Having re-rigged my fishing gear over the summer and purchased a new nine-and-a-half-foot No. 6 fly rod by Scott, and a Lamson reel to mount on it, I’ve finally got round to reading a book that’s lain neglected in my sporting library for far too many years.  Ray Bergman’s Trout, first published in 1938, has long been regarded as the trout fisherman’s bible, and justly so.  Bergman, for many years an editor with Outdoor Life who died at the age of 76 in 1966, was a sports writer of the old school and a former time—meaning, first of all, that he could write.  And not only could he write, but he wrote with the ease, competence, grace, and style of the literary artist.  His comprehensive book covers every conceivable aspect of the subject of trout fishing, including how to read and fish various waters with sundry tackle and how to select these, how to approach a creek and make a cast unseen by fish, how piscine vision operates, how to take advantage of light and shadow on the water, how to read a rise, how to tie flies, and a good deal more.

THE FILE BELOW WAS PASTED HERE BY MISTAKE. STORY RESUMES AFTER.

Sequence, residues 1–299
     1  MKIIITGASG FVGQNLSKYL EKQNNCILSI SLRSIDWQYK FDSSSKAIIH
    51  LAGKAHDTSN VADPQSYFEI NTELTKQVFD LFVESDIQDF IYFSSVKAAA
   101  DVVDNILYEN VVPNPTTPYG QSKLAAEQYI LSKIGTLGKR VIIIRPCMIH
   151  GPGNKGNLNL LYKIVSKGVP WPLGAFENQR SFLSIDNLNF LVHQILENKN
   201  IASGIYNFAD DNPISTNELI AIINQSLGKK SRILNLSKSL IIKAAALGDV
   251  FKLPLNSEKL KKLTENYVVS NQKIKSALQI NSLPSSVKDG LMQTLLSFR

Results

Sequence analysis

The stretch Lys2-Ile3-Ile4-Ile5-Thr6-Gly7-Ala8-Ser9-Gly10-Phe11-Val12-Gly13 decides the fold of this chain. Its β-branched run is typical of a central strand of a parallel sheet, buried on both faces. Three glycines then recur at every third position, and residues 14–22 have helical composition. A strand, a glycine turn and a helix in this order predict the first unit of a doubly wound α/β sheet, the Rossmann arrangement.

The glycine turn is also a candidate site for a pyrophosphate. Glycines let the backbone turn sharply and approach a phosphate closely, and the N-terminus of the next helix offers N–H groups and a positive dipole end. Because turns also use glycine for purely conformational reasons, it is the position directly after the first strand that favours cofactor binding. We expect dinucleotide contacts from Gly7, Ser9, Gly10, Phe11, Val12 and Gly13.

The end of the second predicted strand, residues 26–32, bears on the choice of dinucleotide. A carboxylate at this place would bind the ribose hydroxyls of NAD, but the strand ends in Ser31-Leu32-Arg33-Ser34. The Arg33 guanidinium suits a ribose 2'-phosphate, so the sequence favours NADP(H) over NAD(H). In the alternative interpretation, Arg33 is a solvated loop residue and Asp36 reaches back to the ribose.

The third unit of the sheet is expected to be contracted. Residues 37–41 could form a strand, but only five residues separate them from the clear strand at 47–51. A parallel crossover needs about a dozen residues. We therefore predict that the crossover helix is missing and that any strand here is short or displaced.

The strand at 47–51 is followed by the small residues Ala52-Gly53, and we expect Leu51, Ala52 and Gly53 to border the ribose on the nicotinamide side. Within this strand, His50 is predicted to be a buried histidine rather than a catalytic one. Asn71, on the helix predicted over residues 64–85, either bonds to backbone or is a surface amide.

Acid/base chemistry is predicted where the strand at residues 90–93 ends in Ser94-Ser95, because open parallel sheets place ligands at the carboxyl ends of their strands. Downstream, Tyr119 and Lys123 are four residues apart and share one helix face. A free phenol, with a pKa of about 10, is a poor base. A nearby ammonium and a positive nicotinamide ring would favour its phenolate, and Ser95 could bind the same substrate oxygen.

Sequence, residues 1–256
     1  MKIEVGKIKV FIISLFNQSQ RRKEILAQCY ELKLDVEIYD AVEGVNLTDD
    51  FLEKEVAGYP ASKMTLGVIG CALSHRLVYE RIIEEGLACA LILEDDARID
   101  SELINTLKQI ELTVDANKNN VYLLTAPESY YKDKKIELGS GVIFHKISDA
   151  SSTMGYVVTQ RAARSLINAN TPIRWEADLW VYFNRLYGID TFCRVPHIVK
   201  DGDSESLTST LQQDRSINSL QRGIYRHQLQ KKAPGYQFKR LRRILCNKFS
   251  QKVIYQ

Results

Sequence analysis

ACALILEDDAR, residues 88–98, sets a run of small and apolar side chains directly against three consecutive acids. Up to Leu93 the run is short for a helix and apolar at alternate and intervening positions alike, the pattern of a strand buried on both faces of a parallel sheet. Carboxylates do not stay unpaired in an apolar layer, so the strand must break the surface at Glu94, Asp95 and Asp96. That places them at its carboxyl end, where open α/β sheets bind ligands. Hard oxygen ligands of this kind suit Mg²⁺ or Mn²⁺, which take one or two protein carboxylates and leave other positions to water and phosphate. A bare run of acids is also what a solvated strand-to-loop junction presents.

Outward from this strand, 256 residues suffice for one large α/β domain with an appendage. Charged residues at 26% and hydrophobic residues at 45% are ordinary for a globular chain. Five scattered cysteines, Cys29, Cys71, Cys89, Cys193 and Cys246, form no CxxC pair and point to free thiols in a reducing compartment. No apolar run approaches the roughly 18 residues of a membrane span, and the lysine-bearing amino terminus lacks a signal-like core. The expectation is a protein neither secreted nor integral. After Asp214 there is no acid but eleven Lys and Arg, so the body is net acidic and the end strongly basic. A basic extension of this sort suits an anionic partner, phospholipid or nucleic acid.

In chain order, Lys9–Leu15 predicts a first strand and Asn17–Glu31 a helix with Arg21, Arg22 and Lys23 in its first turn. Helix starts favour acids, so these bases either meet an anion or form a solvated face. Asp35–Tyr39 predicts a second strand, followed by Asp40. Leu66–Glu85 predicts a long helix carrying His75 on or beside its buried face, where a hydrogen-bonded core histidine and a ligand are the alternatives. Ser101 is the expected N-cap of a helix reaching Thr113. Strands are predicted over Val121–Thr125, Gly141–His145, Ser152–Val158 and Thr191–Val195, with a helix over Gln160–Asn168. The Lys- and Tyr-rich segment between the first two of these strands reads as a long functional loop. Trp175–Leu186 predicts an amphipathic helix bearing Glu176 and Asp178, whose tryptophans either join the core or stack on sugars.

The tackle chapters, of course, are hopelessly outdated, Bergman’s age having been that of gut and silk leaders and bamboo and steel rods.  But while human technology has changed since his heyday, neither the quarry nor the means of taking it has changed in the least.  I still have flies in my fly boxes tied to patterns I fished as a boy in Vermont, which I continue to use with success in Wyoming, both the insects and the fish having apparently not “evolved” over the intervening decades—though of course much of the insect life of the Rocky Mountains differs from that of New England.

Bergman knew how to tell a fishing story, as evocative in its way as some of Hemingway’s.  My copy, from Knopf’s edition of 1976, is a handsome volume, illustrated with fly plates in full color painted by Dr. Edgar Burke.  How I wish I’d studied this book years earlier. It tells a trout fisherman everything he really needs to know to take fish.  I’ll finish reading it before going into the field this month for deer, and plan to reread it during the coming cloistered winter months. 

        —Chilton Williamson, Jr.